- SMMT says ‘urgent action’ is needed to help UK compete for electric vehicle production
- Large-scale US and EU initiatives have left Britain behind
- Bosses at Chinese manufacturer BYD have told the FT they are not considering the UK to build a car plant.
The UK’s ability to compete internationally in the production of electric vehicles (EVs) will be at risk if it does not respond urgently to large-scale US and European Union initiatives to support the industry, the auto industry body warned today.
According to the Society of Motor Manufacturers and Traders (SMMT), the government needs to take urgent action to respond to “tough competition” from other countries.
Reducing energy costs, accelerating the financing of clean technology projects and expanding free trade agreements are among the measures included in the SMMT plan to determine how to stimulate the production of electric vehicles.
The SMMT call to action follows reports that Chinese auto giant BYD has already ruled out the UK for its European production site.
The UK’s ability to compete internationally in electric vehicle manufacturing is at risk unless the government responds urgently to fierce competition, the auto industry body said.
SMMT launched the Automotive Industry Green Transformation Strategy, which called for more generous subsidies and reduced red tape for proposed battery manufacturing schemes.
The trade body said its plan would make the UK one of the most competitive places in the world for advanced automotive manufacturing.
He stressed the need to respond to the $369 billion (£309 billion) Inflation Reduction Act in the US and the Green Deal Industrial Plan in the European Union, which included steps to boost electric vehicle production.
Fully electric or hybrid vehicles accounted for nearly a third of all vehicles produced in the UK last year, with an export value of £10bn.
And with sales of new petrol and diesel cars and vans banned in the UK and other European countries from 2030 onwards, manufacturers are already adapting their global production sites to increase electric vehicle production.
SMMT chief executive Mike Hawes has warned the government that Britain risks “squandering its edge” when it comes to electric vehicle production.
SMMT Chief Executive Mike Hawes said: “The UK boasts a solid electric vehicle manufacturing foundation, backed by low-carbon energy, outstanding research and development (R&D) and a highly skilled and productive workforce.
“We must not miss out on these benefits.
“As other parts of the world actively support the transition of zero emission cars, we need to step up to participate in this global race.
“Every part of the country has a stake in the transition and with swift and decisive action we can ensure the UK has the growth, jobs and green prosperity this country deserves.”
There are already serious concerns that the UK is lagging behind globally in the electric vehicle arms race.
Shelved: Britishvolt planned to build a £3.8bn gigafactory near Blyth that would produce 300,000 batteries a year for UK-made electric vehicles but would instead focus on energy storage.
A range of problems, from a shortage of charging stations to the collapse of British start-up Britishvolt, which plans to build a £3.8bn car battery gigafactory, have highlighted the lack of investment in Britain’s green revolution.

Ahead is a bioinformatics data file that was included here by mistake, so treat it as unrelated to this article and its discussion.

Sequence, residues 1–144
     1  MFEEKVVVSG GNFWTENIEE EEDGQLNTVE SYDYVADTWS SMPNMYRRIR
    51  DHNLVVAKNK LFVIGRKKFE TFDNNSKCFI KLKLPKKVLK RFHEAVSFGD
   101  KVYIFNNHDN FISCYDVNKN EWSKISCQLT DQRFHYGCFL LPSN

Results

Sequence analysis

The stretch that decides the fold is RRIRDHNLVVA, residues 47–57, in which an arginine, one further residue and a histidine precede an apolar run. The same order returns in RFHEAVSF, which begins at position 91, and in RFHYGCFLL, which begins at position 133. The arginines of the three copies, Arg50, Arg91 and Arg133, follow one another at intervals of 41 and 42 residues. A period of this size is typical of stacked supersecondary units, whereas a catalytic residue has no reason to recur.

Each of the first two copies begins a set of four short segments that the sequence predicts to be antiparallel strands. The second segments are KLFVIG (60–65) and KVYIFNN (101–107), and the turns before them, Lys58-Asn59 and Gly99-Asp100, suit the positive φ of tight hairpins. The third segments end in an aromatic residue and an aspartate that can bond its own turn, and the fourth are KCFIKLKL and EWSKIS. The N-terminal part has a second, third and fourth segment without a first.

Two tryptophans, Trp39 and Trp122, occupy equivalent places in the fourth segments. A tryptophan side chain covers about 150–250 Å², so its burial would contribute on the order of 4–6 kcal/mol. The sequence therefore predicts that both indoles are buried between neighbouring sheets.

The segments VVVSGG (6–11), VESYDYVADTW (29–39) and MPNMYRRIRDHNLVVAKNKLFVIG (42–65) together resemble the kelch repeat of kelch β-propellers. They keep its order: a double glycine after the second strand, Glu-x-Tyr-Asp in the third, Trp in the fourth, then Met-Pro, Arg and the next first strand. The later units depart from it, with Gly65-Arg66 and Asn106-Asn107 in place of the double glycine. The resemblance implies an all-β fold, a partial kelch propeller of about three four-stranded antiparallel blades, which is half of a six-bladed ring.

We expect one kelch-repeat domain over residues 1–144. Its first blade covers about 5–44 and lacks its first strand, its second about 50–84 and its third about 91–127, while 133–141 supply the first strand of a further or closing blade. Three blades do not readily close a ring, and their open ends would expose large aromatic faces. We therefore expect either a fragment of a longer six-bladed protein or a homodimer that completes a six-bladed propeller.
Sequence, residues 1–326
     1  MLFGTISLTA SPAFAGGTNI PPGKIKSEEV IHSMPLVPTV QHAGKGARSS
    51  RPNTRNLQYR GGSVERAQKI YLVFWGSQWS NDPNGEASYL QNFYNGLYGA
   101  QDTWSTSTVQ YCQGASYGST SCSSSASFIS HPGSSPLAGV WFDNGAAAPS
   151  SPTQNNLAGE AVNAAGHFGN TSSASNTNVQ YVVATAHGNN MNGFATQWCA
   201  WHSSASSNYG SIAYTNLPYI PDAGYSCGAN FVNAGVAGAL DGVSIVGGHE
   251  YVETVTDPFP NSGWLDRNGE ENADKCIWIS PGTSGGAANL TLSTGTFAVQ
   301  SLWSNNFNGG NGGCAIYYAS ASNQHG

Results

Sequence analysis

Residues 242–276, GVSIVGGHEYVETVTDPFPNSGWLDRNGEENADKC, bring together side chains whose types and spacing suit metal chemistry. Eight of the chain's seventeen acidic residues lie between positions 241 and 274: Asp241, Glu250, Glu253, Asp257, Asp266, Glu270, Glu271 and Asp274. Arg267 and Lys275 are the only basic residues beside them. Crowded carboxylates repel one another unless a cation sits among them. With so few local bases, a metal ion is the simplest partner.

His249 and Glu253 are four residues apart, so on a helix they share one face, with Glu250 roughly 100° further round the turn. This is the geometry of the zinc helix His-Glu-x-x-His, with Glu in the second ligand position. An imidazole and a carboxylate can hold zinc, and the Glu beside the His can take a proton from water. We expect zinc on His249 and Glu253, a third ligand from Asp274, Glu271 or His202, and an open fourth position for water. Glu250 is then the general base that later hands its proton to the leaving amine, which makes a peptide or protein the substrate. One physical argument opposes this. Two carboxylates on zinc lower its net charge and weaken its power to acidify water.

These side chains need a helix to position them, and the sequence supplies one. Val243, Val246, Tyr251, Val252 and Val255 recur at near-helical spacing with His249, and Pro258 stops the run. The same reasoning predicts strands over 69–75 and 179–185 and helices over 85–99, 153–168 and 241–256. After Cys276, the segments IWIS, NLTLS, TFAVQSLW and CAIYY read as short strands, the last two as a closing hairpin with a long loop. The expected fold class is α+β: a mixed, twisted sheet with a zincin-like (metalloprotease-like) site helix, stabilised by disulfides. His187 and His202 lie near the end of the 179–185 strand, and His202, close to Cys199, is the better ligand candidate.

The latest blow has come in China, with reports emerging over the weekend that BYD, which is the world’s biggest seller of electric and hybrid cars, had already ruled out the UK for its European car plant.
The company recently released its first available model in the UK – the Atto we drove last week – as it launches its push into the European market, with plans to have 10 battery cars on sale by the end of the decade and place itself among the best. three brands of electric vehicles on the continent.
Car production in Europe is fundamental to his plans, but the UK is not on the shortlist — Germany, France, Spain, Portugal and Hungary are considered instead. reports in the Financial Times.
European President Michael Shu told the FT that the brand wants to invest in a “stable” country to secure the future of its production site.
“Maybe without Brexit. But after Brexit, we don’t understand what happened,” he said.
“The UK doesn’t have a very good solution. We didn’t even have the UK on the long list.”
BYD told the FT it had made a UK discount for its European car plant. Last week we drove the first UK-available model from the Chinese brand Atto (pictured).
Only two mainstream electric vehicles are currently produced in the UK – the Nissan Leaf in Sunderland (pictured) and the Mini Electric in Oxford. BMW has already confirmed that production of the new battery-powered Mini (due later this year) will be moved to China in partnership with Great Wall Motor.
Only two major electric vehicles are currently produced in the UK, the Nissan Leaf at the Sunderland plant and the Oxford-built Mini Electric. However, BMW has already confirmed that the new battery-powered Mini due this year will be made in China through a partnership with Great Wall Motor.
The level of concern about the future of electric vehicles in the country is so high that rival MPs have accused the government of “sleeping at the wheel”, especially in light of plans to ban the sale of new petrol and diesel cars in 2030.
Former Aston Martin and Nissan chief and “godfather of electric vehicles” Andy Palmer said earlier this month: “There will be winners and losers.”
He said on the BBC Today programme: “If the UK wants to continue in the automotive industry, it will have to compete with both the US and the EU in terms of these stimulus packages.”
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